Fiendish Boars
Magical Beast; CR 2; Size medium; HD 3d8+12; hp 25; Init +0 (+0 Dex); Spd 40 ft.; AC 16 (+6 natural); Atk +4 (1d8+3, gore); SQ Ferocity, Low-Light Vision, Scent, Darkvision 60 ft, Cold and Fire Resistance 5, SR 8, Smite Good; AL NE; SV: Fort +6, Ref +3, Will +2; Str 15, Dex 10, Con 17, Int 3, Wis 13, Cha 4.
Skills: Listen +7, Spot +5.
Feats: Alertness, Toughness.

These vile creatures lurk in the shadows of the jungle, watching for prey, and then rush out to attack when an opportunity presents itself.

Fiendish Logcutters
Buccaneer 1 (Outsider); CR 1; Size medium; HD 1d10+2; hp 12; Init +1 (+1 Dex); Spd 30 ft.; AC 13 (+1 Dex, +2 buff coat); Atk +4 (1d8+2, boarding axe) or +2 (1d6+2, throwing axe); SQ Survivor +1, Smite Good, Darkvision 60ft, Cold and Fire Resistance 5, SR 6; AL NE; SV: Fort +4, Ref +1, Will +1; Str 15, Dex 13, Con 14, Int 10, Wis 12, Cha 8.
Background: Sea Devil.
Skills: Climb +6, Heal +5, Jump +6, Profession: sailor +5, Survival +5, Swim +6, Use Rope +5.
Feats: Cleave, Power Attack, Weapon Focus (boarding axe).
Fortunes: Superstitious.
Equipment: Buff coat, boarding axe, two throwing axes, miscellaneous personal items.

Normally these are fun-long individuals, capable of hard work when it is necessary, but preferring the simple life of the wilderness. Now they have fallen under the influence of Mayan demons, however, and have become violent and aggressive.

Half-Fiend Edward Chapman
Male Rogue 6 (Outsider); CR 7; Size Medium; HD 6d6+6; hp 30; Init +4 (+4 Dex); Spd 30 ft.; AC 16 (+1 Fencing jacket, +4 Dex, +1 natural); Atk +6 (1d6+2, rapier) or +8 (2d4, pistols); SQ Trap Sense +2, Sneak Attack +3d6, Trapfinding, Evasion, Uncanny Dodge, Smite Good, Darkvision, Poison Immunity, Resistance to Cold, Acid, Electricity and Fire 10, DR 5/Magic, SR 16; AL LE; SV: Fort +3, Ref +9, Will +2; Str 14, Dex 18, Con 12, Int 20, Wis 10, Cha 19.
Background: Gentleman-Adventurer.
Skills: Bluff +12, Decipher Script +12, Diplomacy +14, Disable Device +11, Disguise +14, Forgery +15, Hide +14, Knowledge (local) +13, Knowledge (religion) +13, Listen +7, Move Silently +14, Search +13, Sense Motive +9.
Feats: Deceitful, Leadership, Negotiator, Stealthy.
Spell-Like Abilities (As level 6 sorcerer): Darkness 3/day, Desecrate 1/day, Unholy Blight 1/day.
Fortunes: Cause, Obligation.
Equipment: Gentleman's clothing, dueling jacket, pair of pistols, rapier, stiletto, pouch of 200 poe, various books, vials of ink, quills and paper.
Note: This character uses the half-fiend template, but none of the overt changes—bat wings, claws or fangs and the like—are manifested. Rather, he represents a non-corporeal demon in control of a human host.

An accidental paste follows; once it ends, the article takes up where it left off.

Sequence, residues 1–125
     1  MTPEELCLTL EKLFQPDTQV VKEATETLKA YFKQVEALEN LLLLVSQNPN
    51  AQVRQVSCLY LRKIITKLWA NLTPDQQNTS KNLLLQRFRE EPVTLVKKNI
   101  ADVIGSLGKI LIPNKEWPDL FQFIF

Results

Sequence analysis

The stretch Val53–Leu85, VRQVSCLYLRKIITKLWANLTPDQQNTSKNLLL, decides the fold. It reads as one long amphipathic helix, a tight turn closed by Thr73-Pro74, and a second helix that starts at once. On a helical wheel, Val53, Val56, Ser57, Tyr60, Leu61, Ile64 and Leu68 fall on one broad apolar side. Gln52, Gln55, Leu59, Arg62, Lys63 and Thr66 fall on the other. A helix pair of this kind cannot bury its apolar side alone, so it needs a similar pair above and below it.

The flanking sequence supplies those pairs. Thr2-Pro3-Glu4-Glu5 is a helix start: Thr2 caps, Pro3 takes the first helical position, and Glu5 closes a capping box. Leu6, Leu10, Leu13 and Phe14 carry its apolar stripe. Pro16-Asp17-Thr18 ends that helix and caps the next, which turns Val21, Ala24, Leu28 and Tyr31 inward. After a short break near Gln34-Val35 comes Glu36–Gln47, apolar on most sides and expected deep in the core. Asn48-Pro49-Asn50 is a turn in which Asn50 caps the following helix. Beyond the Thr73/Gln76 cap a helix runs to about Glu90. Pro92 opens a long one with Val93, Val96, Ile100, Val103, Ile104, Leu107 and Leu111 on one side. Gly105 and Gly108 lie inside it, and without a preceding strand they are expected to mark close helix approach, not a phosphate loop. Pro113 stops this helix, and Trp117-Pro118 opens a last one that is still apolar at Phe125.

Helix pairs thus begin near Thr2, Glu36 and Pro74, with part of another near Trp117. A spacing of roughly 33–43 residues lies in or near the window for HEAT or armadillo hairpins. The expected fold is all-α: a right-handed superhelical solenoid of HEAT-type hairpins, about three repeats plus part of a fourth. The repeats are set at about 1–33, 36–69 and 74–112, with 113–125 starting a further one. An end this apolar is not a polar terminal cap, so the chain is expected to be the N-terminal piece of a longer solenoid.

Edward Chapman is, on the surface, a proper young English gentleman, albeit one who is not particularly striking. He has dark hair and dark eyes, and is of medium height and build. Normally he dresses the part of a young aristocrat, although his natural charisma makes him equally home among the lower classes when he deems it necessary.
Chapman is highly educated, having studied at Oxford and abroad, and has recently even been accepted as a member of the Invisible College in London. In fact he serves as an agent of the Majesty's government, although the exact nature of his business is a closely guarded secret.
All of this has changed, however, now that he is possessed by a Mayan demon. Now he intends to use his knowledge and powers for evil, and all hell is going to break loose.

Bokor 7; CR 7; Size medium; HD 7d6+14; hp 41; Init +2 (+2 Dex); Spd 30 ft.; AC 12 (+2 Dex); Atk +3 (unarmed) or +5 (2d4, pistols); SQ Djab's Call; AL NE; SV: Fort +4, Ref +4, Will +6; Str 10, Dex 14, Con 14, Int 12, Wis 12, Cha 12.
Background: Scum.
Skills: Bluff +11, Concentration +12, Craft (alchemy) +11, Hide +4, Knowledge (alchemy) +11, Sense Motive +11, Sleight of Hand +4, Voodoo Ritual +11.
Feats: Create Zombi, Point Blank Shot.
Fortunes: Doll's Eyes.
Wanga (3/2/2/1/1): Daze, Detect Poison, Resistance; Mage Armor, Sleep; Cat's Grace, Summon Swarm; Greater Magic Weapon; Haste.
Equipment: Clothing, brace of pistols, gros bon ange of Edward Chapman.

Mabhena is the rare kind of person who has embraced evil for the sheer love of committing misdeeds. It is for this reason that he accepted the wicked patronage of Baron Samedhi, serving that loa and in turn gaining greater power to pursue his own evil plans. He can act in a friendly manner when it suits his purposes, but there is not a spark of love for his fellow humans left inside him; the only think that matters to the bokor is gaining even greater power.